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Professor Laura Itzhaki - Polyprox Therapeutics

Discovering and developing novel biopharmaceuticals for the treatment of cancer

 

If you told Professor Laura Itazhaki what an exciting journey she would be on, bringing a new class of drugs to the market based on ten years of research and intellectual property, she would be amazed.

Professor Laura Itzhaki said:

“I had this idea for the development of a new type of drug that is able to address hard-to-drug targets and trigger the natural degradation machinery contained within the cell to arrest tumour growth. I was soon to discover the intensive process involved in developing it. I am learning so much on my entrepreneurial journey; every day is different, and I have the chance to work with many incredible people.

As I have had a tremendous amount of support from Cambridge Enterprise and from the company’s management co-founders Andy Sandham (Executive Chairman) and Dr Kevin Moulder (COO) (both hugely inspirational and serial Cambridge biotech entrepreneurs), compared to earlier innovators, I do feel that I have had it quite easy.

Entrepreneurship programmes like the Impulse Programme make a difference and are extremely valuable”

Polyprox Therapeutics raised in April 2019 £3.4million of seed capital to develop a new class of drugs, call Polyproxin™ molecules. 

Professor Laura Itzhaki started life in Manchester having had an inspirational chemistry teacher. She went to Oxford University and studied chemistry and in her final-year research project with Professor Sir Chris Dobson she became interested in protein folding. Sir Chris Dobson, who recently passed away, was an incredible mentor throughout Laura’s scientific career.

In 1989 Laura came to Cambridge and did a PhD protein folding in the Biochemistry Department under an inspiring supervisor, Dr Phil Evans. At that time research into protein folding was limited to proteins that could be extracted from natural sources – in her case, spinach, guinea-pig milk and urine, but at the same time Sir Alan Fersht (Emeritus Professor in the Department of Chemistry at the University of Cambridge) was developing microbiology techniques whereby you could make whatever protein you required. In particular, she had read papers by Alan showing the power of this approach when applied to protein folding.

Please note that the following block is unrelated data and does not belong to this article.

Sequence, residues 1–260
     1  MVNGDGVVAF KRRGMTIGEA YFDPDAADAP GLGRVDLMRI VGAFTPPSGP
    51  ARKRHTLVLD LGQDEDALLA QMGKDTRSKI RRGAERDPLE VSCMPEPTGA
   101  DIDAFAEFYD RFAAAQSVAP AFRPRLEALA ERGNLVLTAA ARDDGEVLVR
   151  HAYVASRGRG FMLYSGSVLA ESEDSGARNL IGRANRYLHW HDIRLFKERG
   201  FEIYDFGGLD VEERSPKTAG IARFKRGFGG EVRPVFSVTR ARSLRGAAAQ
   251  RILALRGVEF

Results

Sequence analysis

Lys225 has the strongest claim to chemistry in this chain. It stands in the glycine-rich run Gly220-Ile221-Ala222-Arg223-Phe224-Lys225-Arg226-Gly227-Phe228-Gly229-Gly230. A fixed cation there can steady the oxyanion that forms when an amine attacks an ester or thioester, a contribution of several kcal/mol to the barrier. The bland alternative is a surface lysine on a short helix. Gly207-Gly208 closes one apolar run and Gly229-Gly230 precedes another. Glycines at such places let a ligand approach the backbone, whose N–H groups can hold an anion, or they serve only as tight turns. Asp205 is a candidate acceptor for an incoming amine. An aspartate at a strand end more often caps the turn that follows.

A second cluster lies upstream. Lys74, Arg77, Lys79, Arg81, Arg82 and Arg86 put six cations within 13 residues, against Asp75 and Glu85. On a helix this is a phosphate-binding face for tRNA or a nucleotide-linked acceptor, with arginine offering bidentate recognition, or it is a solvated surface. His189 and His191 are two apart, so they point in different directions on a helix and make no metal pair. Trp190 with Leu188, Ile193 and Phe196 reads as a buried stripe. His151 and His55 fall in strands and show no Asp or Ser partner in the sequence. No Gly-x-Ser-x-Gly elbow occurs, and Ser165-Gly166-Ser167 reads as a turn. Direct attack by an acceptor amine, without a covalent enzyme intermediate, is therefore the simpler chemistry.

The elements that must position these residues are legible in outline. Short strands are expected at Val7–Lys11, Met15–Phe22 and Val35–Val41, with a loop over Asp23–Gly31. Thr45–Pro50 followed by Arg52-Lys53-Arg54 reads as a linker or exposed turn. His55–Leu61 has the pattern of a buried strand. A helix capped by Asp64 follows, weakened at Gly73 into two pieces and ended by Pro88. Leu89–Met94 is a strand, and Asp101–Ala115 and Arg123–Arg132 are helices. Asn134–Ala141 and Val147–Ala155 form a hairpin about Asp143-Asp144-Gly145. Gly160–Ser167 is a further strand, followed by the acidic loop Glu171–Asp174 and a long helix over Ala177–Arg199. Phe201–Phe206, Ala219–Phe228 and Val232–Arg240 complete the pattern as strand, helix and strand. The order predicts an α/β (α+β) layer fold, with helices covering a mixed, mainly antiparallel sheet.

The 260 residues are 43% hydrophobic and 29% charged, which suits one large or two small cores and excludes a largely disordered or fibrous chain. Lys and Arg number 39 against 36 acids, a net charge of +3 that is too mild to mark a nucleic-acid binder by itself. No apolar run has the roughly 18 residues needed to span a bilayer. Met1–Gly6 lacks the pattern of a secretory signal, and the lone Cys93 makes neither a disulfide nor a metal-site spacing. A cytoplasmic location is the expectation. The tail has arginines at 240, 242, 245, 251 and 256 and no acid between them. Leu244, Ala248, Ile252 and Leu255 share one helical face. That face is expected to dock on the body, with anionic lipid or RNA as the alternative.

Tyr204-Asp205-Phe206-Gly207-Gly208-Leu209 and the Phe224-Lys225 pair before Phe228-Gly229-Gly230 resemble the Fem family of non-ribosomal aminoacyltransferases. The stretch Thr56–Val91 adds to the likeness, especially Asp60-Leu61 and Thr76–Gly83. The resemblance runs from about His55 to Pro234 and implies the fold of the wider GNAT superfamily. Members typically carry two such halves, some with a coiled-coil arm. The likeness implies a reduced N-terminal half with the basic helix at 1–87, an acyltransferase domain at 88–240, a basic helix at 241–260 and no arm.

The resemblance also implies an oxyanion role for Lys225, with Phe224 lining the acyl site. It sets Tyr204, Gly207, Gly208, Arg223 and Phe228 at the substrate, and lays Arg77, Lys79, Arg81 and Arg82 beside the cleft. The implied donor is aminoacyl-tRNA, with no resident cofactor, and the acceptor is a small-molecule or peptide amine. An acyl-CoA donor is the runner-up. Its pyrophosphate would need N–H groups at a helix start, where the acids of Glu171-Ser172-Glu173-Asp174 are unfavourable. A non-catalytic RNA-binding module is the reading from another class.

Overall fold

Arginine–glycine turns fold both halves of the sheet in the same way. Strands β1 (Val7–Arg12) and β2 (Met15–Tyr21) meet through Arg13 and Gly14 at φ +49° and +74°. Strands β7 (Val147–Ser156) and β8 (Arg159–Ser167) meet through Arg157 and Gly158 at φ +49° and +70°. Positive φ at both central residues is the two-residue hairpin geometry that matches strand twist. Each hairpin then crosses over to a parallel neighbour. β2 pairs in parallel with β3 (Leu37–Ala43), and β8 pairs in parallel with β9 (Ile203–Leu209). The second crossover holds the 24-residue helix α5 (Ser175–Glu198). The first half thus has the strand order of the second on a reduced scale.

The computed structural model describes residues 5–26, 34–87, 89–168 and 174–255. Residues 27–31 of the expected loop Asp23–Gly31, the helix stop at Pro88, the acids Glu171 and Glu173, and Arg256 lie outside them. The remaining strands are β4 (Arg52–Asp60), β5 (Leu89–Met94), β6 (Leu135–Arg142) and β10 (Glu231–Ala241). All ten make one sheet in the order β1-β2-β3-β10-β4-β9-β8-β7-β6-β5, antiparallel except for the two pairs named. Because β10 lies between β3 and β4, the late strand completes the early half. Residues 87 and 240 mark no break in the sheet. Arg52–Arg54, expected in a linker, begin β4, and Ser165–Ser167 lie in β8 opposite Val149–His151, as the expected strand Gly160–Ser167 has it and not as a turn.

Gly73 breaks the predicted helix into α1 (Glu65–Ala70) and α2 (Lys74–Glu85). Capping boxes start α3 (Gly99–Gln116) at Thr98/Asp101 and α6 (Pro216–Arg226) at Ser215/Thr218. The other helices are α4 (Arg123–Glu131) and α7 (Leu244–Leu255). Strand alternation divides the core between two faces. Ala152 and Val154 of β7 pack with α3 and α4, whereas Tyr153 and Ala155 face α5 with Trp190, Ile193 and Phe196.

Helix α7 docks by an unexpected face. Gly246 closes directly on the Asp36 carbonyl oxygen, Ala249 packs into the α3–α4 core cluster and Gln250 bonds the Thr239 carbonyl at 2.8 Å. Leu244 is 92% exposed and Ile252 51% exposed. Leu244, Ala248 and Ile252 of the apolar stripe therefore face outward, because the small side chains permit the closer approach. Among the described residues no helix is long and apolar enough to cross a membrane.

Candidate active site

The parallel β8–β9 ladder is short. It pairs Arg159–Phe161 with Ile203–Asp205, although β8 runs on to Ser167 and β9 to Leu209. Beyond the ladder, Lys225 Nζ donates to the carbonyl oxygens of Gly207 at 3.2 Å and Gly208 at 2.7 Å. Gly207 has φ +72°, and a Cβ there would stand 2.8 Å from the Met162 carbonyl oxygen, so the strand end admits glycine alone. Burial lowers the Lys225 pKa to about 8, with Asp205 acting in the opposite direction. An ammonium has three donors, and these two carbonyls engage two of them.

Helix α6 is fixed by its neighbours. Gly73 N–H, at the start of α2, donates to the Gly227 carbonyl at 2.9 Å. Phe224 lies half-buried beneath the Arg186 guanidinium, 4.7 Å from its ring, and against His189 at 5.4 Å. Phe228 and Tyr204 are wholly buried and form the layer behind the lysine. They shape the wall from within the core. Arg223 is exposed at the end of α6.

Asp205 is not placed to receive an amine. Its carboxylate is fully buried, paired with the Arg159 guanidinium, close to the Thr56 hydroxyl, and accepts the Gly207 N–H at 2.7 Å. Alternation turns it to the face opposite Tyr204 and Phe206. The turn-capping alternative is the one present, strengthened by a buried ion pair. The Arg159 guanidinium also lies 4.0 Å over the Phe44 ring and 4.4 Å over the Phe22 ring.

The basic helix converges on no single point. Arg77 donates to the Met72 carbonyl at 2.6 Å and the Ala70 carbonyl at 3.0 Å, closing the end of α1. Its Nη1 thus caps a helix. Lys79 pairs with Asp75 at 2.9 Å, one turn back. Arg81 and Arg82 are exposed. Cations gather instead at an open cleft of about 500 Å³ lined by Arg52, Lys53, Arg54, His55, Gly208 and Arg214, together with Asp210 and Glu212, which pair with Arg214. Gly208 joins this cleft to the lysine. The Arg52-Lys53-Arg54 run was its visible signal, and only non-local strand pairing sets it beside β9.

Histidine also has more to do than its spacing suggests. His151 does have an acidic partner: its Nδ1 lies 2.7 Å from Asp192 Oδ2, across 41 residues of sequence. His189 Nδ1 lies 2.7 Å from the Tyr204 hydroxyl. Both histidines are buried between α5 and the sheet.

In 1993 she carried out her Post Doc in protein engineering with Sir Alan Fersht at the MRC Centre for Protein Folding and Design in the Chemistry Department at Cambridge. He created an incredible environment; her training was extremely rigorous and international as he is one of the of the world's leading protein scientists.

After a series of individual fellowships Professor Laura Itzhaki set up her own group focused on protein folding and understanding how proteins function in the cell. In 2003 she joined the Medical Research Council’s Cancer Cell Unit on the Cambridge Addenbrookes site which was aimed at translational research.

In 2011 Professor Laura Itzhaki moved back to the Chemistry Department and in 2013 she obtained a lectureship in the Pharmacology Department. It was a struggle to get the initial funding for her work on proteins that are easy to design which eventually led to the development of the company. But finally, in 2016, she received funding from Cancer Research UK called a Pioneer Award; to obtain this award she had to write a proposal and pitch. This award enabled the research to go ahead with two people in the lab Dr Albert Perez-Riba and Dr Pam Rowling who are Scientific co-founders in the company.

Cambridge Enterprise (CE) were very enthusiastic about the idea, particularly Dr Christine Martin who had a great deal of experience in this area. In 2017 Christine and another CE colleague, Dr Emma Barker, helped Laura put together the “proof of concept” data and found a knowledgeable patent agent to work with her to write the patent.